Of course there are those who will argue that rape and incest also contribute to the number of unwanted and unplanned pregnancies in the country. These individuals will also argue that teenagers cannot make sound decisions and therefore, it is in their best interest to abort the child. But, what about the parents of these children who become pregnant? They should be held accountable for the pregnancies that these teenagers have and they should help to find suitable home for the unborn child instead of embracing the immoral act of abortion. When there is an abortion, mankind plays the role of God and snatches the life of an innocent child. Additionally, mankind denies this innocent child the right to experience and live in the world. There should be no debate on the laws that surround the right to an abortion as the humane thing to do is to bring the child into the world. An abortion takes away the mother’s right to enjoy the opportunity to become a responsible adult. The fact is that an abortion is final and one cannot reverse the process. While the emotional scars may hurt at the moment, they heal eventually and the mother could have the opportunity to live with the scars of rape and incest. But an abortion will take away that possibility.

Works Cited

  • Abortion (2014) Viewed at http://www.nhs.uk Accessed March 30, 2015

  • Araujo, Robert J. (1993), Abortion, Ethics, and the Common Good: Who Are We? What Do We
    Want? How Do We Get There? Volume 76 Issue 4 Summer Article 3 Marq. L. Rev. 701
    (1993).

  • Bachiochi, Erika (2005) How Abortion Hurts Women: The Hard Proof, Crisis Magazine, Web.
    Accessed April 5, 2015.

  • Cleaver – Ruse, Cathy & Schwarzwalder, Rob, (2015) e Best Pro-Life Arguments for Secular
    Audiences Web Accessed April 4, 2015

  • Federal and State Bans and Restrictions on Abortion, (2015) Federal Abortion Ban Viewed at
    http://www.plannedparenthoodaction.org Accessed April 4, 2015

  • Giubilini, Alberto & Minerva, Francesca (2012) After-birth abortion: why should the baby live?
    J Med Ethics doi:10.1136/medethics-2011-100411 Law, ethics and medicine. Web. Accessed April 6, 2015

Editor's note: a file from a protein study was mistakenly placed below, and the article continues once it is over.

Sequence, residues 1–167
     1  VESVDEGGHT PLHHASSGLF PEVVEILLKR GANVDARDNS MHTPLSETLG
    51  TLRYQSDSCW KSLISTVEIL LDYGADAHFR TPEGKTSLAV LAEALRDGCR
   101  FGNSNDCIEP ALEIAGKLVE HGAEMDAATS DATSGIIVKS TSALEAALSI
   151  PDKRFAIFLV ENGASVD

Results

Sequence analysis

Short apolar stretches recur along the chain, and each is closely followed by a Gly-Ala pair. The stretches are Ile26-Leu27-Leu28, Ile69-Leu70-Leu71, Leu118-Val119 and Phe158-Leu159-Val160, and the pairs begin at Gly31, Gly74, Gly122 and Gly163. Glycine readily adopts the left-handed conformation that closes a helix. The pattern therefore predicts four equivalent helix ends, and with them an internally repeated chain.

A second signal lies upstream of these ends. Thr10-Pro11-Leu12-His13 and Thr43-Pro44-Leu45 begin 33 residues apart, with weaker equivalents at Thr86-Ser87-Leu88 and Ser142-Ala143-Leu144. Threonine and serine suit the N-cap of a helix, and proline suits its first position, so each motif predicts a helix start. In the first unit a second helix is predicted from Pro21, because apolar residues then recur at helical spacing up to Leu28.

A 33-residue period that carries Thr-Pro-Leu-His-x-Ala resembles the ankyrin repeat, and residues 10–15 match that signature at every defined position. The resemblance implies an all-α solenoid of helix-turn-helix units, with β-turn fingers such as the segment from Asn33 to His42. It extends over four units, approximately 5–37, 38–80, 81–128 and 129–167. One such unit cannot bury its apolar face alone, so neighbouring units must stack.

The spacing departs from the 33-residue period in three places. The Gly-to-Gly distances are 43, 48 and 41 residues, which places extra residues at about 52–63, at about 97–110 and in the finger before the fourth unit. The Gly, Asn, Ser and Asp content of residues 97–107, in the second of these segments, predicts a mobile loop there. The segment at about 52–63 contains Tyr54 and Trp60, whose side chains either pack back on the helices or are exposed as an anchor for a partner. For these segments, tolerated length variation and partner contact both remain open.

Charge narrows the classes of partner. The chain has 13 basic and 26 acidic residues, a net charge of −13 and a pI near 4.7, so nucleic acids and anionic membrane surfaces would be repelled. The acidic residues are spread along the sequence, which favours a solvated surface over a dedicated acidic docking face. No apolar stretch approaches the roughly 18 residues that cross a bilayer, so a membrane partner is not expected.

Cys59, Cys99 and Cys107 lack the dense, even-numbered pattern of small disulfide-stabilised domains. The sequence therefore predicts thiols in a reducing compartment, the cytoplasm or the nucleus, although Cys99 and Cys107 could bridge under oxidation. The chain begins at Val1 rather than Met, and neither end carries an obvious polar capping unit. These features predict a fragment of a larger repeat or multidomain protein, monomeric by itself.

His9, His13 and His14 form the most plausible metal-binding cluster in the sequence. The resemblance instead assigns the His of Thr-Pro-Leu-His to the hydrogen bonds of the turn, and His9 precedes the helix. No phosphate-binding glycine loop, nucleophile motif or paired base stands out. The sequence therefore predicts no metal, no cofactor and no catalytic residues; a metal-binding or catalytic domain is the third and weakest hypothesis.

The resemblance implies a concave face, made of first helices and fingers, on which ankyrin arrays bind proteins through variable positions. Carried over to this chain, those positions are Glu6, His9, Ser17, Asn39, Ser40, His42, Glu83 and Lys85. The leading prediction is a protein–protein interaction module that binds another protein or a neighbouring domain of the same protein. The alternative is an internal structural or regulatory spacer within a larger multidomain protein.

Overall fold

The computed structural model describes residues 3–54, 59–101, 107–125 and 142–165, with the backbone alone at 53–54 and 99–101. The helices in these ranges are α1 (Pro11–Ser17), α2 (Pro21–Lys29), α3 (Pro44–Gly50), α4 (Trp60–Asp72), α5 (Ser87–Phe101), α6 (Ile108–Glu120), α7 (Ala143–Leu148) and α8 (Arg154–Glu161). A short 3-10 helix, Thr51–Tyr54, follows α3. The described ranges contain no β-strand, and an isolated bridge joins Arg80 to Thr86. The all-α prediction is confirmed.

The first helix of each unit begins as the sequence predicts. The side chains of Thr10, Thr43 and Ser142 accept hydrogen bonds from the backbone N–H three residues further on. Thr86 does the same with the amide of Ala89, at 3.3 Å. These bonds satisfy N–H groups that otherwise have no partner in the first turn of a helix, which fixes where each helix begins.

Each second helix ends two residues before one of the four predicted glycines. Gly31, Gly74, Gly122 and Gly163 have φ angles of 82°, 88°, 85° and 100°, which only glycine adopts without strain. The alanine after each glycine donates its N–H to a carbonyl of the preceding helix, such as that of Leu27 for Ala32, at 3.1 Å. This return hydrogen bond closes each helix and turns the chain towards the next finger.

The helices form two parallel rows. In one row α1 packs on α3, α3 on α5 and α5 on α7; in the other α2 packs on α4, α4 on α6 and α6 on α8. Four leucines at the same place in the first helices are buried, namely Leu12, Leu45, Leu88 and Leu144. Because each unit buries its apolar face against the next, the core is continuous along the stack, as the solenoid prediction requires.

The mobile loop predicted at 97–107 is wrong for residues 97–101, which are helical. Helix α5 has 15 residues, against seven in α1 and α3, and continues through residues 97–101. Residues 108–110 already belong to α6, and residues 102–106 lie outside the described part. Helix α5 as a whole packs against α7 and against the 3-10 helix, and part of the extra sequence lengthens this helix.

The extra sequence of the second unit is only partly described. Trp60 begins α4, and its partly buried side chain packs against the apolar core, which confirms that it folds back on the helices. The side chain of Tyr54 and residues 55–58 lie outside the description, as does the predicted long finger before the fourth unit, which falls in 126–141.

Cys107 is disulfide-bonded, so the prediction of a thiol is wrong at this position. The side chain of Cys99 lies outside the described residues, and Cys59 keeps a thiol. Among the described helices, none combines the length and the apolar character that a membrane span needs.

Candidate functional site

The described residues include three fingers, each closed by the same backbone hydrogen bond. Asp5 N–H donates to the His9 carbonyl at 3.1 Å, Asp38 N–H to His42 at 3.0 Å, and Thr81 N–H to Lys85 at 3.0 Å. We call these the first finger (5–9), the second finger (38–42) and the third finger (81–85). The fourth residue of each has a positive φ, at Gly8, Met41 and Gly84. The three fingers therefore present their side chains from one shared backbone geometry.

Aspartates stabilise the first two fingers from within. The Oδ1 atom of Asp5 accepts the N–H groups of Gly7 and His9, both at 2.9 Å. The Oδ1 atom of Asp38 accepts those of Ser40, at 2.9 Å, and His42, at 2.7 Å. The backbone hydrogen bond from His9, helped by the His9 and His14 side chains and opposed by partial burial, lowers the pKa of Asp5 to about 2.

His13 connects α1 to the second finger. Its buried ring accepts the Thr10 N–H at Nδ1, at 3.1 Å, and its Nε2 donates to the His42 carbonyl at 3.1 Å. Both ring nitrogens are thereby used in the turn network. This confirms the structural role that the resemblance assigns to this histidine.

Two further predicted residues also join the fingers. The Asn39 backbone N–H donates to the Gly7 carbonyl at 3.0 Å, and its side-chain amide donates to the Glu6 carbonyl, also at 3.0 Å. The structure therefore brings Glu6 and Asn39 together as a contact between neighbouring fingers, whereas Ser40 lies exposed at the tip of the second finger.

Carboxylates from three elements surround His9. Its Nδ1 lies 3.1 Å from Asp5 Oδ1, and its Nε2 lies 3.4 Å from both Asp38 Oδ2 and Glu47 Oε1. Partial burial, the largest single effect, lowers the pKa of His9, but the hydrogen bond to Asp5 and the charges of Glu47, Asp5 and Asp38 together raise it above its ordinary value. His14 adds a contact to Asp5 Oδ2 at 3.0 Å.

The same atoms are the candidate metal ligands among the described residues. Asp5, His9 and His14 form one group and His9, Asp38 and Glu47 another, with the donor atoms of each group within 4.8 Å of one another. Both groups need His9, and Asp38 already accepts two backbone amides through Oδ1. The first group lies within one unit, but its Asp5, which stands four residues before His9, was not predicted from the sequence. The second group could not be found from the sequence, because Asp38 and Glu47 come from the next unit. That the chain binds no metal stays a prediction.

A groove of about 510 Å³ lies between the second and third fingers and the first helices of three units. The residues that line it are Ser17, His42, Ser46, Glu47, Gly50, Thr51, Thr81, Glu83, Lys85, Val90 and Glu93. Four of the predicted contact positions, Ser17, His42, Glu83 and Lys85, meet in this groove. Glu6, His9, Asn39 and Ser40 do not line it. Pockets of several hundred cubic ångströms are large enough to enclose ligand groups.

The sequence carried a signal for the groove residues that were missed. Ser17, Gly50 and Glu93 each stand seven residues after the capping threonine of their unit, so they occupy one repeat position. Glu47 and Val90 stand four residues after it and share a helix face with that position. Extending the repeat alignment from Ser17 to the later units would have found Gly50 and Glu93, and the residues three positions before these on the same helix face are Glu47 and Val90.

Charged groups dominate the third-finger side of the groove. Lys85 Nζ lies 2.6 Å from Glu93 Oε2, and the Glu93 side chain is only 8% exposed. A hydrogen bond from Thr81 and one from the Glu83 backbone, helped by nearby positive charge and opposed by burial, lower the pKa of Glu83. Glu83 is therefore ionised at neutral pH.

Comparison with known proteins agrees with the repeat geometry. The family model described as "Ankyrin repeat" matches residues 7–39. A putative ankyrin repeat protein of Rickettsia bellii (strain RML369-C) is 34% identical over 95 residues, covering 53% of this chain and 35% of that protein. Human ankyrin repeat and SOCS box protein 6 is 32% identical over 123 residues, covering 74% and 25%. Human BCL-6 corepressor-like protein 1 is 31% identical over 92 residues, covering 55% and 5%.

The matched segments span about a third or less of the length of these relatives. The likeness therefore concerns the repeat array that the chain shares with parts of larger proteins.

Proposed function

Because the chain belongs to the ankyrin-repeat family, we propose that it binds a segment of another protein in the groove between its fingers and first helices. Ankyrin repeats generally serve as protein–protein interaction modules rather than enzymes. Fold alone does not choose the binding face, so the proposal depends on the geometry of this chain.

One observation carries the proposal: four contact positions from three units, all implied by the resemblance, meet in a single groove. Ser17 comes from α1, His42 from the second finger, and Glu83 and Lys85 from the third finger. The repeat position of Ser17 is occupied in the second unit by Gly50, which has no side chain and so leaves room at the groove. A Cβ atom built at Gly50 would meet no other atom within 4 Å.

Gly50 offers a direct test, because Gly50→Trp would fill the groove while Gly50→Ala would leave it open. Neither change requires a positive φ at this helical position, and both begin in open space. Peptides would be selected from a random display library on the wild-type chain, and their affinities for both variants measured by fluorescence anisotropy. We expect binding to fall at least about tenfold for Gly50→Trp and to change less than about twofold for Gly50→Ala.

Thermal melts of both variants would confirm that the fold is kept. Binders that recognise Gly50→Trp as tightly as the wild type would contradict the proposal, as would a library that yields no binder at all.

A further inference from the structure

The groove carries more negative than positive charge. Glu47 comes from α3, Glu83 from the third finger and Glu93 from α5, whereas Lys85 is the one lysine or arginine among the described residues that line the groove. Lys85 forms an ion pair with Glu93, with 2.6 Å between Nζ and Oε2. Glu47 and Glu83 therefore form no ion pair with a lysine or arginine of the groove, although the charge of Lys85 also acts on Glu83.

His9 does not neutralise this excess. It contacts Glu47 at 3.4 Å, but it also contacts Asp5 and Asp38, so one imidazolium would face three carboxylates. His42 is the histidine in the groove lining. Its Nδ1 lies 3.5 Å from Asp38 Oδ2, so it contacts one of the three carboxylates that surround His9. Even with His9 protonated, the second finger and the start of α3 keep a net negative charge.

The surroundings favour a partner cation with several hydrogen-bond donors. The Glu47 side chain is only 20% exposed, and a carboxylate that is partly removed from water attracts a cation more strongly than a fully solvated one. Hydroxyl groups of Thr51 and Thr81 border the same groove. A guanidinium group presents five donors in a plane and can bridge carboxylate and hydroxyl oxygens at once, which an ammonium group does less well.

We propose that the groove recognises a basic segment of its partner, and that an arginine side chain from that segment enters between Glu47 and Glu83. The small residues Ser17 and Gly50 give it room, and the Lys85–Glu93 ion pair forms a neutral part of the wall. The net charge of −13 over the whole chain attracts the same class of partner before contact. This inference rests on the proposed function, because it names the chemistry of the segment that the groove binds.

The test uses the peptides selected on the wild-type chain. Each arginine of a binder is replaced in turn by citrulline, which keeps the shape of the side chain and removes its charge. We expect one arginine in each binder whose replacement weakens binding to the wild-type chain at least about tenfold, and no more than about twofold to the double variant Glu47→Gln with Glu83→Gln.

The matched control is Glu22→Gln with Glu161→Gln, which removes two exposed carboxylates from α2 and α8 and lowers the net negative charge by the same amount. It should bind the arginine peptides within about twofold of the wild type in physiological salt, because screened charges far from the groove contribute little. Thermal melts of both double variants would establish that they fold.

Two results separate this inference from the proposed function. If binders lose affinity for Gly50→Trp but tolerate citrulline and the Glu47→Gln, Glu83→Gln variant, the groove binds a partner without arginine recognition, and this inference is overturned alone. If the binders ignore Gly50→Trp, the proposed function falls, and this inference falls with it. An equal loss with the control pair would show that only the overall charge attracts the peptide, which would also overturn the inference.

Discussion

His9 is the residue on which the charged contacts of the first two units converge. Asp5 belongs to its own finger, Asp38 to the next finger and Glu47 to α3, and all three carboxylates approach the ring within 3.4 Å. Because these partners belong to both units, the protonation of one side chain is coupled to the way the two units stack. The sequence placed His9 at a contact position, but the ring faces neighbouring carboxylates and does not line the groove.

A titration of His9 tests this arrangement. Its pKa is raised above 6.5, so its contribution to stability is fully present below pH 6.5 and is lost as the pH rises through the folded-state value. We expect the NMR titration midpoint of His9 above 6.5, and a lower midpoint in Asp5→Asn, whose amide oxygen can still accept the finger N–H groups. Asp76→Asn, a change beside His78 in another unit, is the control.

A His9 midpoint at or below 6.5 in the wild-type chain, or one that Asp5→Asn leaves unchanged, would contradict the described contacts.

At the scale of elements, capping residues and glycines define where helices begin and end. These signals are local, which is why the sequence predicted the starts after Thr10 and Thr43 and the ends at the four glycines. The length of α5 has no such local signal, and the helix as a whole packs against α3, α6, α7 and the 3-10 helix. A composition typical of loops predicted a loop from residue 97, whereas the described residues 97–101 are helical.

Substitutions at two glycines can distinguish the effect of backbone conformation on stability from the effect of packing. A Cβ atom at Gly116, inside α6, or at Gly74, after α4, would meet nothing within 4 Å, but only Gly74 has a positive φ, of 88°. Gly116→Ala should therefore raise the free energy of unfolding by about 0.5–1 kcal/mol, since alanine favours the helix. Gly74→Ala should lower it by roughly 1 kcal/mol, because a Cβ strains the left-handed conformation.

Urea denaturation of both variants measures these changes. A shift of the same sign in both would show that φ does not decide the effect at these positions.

• Hendricks, Jennifer (n.d) Body and Soul: Equality, Pregnancy, and the Unitary Right to Abortion
  • Harvard Civil Rights-Civil Liberties Law Review [Vol. 45] p. 330
  • Induced Abortion in the United States (2014) Fact Sheet. Web. Accessed March 31, 2015.
  • Lee, Patrick Lee and George, Robert P. (n.d.) Chapter One – The Wrong of Abortion. Web.
    Accessed April 4, 2015.

  • Novak, David (n.d), Abortion, The Jewish Publication Society, 1993), pp. 16-19University of
    Toronto. Web.

  • Medline Plus (2014) United States National Library of Medicine Viewed at
    http://www.nlm.nih.gov Accessed April 4, 2015

  • U.S. Abortion Law – An overview of the history and legality of abortion in the United States
    (2015) Viewed at http://www.abort73.com Accessed April 4, 2015

  • Zampas, Christina & Gher, Jaime M. (2008) Abortion as a Human Right—International and
    Regional Standards. Web. Accessed April 4, 2015.
We know how difficult it is to write an essay.

Get this FREE whitepaper on "How to Write an Essay" right away and sign up for our special offers.
By submitting your email you give consent to receive promo emails from us.
Thank you for downloading our white paper! This guide will help you write essays! Stay tuned with Writemypapers.org!

Testimonials

I believe that your work is exceptional and I highly appreciate your assistance in writing my essay. Now it will certainly meet the expectations of my professor!
Paul, CO 1 2 3 4
I usually don't use custom writing paper service like this, but I was in a pinch. You guys are great! All my questions were answered in a timely manner and now I know what to do if any problems with academic writing arise - ask you for help! Thanks a bunch, you saved my neck!!!
Steve, NJ 1 2 3 4 5
View All Testimonials